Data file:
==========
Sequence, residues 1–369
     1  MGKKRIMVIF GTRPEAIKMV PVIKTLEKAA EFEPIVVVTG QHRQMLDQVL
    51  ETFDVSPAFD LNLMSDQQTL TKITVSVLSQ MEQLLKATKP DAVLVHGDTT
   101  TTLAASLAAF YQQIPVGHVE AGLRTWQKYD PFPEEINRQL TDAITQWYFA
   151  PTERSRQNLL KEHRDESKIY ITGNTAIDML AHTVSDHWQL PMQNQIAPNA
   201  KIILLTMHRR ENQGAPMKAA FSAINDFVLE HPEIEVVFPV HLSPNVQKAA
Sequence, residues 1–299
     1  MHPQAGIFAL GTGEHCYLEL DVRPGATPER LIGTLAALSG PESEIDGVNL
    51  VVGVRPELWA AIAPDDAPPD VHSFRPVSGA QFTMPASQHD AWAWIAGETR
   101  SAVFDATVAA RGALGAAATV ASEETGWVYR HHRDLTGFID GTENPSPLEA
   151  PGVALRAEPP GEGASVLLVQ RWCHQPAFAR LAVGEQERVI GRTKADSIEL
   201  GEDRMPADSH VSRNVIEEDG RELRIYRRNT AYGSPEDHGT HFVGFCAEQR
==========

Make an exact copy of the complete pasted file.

Sequence, residues 1–369
     1  MGKKRIMVIF GTRPEAIKMV PVIKTLEKAA EFEPIVVVTG QHRQMLDQVL
    51  ETFDVSPAFD LNLMSDQQTL TKITVSVLSQ MEQLLKATKP DAVLVHGDTT
   101  TTLAASLAAF YQQIPVGHVE AGLRTWQKYD PFPEEINRQL TDAITQWYFA
   151  PTERSRQNLL KEHRDESKIY ITGNTAIDML AHTVSDHWQL PMQNQIAPNA
   201  KIILLTMHRR ENQGAPMKAA FSAINDFVLE HPEIEVVFPV HLSPNVQKAA
Sequence, residues 1–299
     1  MHPQAGIFAL GTGEHCYLEL DVRPGATPER LIGTLAALSG PESEIDGVNL
    51  VVGVRPELWA AIAPDDAPPD VHSFRPVSGA QFTMPASQHD AWAWIAGETR
   101  SAVFDATVAA RGALGAAATV ASEETGWVYR HHRDLTGFID GTENPSPLEA
   151  PGVALRAEPP GEGASVLLVQ RWCHQPAFAR LAVGEQERVI GRTKADSIEL
   201  GEDRMPADSH VSRNVIEEDG RELRIYRRNT AYGSPEDHGT HFVGFCAEQR